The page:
Saddam Hussein is dead. After being found guilty of the deaths of 148 Shi’a Muslims from the Iraqi town of Dujail, the former Iraqi dictator and convicted mass murderer was executed by hanging. I believe in the death penalty, and I have to believe that an execution carried out less than two months after a conviction would act more as a deterrent than our current run of 20+ years on death row. But while I believe in the death penalty, I am also saddened by the death. When Odai and Qusai Hussein and later al-Zarqawi were killed, I didn’t use their deaths as an excuse to rejoice. Rather, I always feel sorrow for the lives that they could have led, and also that they have forever missed the chance to change their lives for the better.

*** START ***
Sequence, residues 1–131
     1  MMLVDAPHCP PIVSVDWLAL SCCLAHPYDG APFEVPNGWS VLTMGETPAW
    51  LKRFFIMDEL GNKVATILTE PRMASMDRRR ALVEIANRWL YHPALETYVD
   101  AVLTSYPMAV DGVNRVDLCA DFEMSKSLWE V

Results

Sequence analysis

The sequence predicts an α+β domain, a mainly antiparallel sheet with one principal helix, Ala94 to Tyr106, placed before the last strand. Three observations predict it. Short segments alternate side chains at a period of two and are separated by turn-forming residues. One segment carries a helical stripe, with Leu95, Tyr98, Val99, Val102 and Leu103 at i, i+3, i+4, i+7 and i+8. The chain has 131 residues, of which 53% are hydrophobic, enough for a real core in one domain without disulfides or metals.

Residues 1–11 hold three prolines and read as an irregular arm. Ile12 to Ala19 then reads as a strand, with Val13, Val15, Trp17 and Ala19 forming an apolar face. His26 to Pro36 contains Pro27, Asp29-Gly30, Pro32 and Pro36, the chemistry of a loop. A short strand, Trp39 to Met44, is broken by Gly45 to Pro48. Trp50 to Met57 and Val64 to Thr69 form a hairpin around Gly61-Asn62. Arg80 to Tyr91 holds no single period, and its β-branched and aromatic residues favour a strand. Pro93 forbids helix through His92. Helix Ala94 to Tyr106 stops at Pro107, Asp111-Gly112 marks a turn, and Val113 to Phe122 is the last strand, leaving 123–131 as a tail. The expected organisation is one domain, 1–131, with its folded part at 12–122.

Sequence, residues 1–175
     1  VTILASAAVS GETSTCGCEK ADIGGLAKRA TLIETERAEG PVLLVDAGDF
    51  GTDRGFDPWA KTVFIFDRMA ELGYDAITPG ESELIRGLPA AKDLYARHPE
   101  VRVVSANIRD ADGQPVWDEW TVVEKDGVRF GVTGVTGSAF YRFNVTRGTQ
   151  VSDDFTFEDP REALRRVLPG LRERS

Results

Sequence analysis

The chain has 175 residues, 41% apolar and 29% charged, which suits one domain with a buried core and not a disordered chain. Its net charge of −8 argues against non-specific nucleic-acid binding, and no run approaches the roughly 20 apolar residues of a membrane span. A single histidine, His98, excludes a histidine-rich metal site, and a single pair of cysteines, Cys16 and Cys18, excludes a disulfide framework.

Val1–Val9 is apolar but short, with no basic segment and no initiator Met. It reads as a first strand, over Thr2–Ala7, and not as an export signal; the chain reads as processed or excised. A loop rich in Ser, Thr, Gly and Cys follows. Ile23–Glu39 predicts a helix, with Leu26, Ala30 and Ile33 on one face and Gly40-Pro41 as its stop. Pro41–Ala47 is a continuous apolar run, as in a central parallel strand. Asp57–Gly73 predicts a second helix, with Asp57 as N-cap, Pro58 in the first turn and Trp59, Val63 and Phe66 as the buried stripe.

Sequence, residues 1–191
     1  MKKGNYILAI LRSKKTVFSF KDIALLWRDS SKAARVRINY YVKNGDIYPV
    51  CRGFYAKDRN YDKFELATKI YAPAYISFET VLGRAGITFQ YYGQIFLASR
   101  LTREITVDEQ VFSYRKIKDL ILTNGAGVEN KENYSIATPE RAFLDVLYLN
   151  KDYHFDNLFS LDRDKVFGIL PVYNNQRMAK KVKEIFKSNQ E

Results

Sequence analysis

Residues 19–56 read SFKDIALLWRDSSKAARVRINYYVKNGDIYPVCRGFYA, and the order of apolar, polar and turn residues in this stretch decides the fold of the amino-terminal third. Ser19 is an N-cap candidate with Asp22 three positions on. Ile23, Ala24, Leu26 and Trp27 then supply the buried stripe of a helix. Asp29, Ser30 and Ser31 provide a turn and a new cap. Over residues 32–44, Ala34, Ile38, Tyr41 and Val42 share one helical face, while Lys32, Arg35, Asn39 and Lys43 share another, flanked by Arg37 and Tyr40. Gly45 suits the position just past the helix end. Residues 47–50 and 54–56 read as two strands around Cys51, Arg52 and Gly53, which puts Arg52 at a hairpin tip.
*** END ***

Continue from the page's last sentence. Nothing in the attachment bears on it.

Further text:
Now that Saddam is dead, I can see Iraq actually changing for the better. Those who have dreamed of a victorious Saddam reclaiming power have had their hopes dashed, but now they can choose to work with the system rather than against it. Those who have had nightmares of Saddam returning to power may now stand up straight in the knowledge that he will never return. But now the Iraqis have no excuse not to take part in their own government. I am reminded of what Benjamin Franklin told a woman who asked him what type of government had been created by the Constitutional Convention. He replied, “A republic, if you can keep it.” The Iraqis have a free country, if they can keep it. And time will tell if they are able to successfully do that, with Sunnis and Shi’as hating and killing each other, and Iran meddling.

Le roi est mort, vive Iraq!

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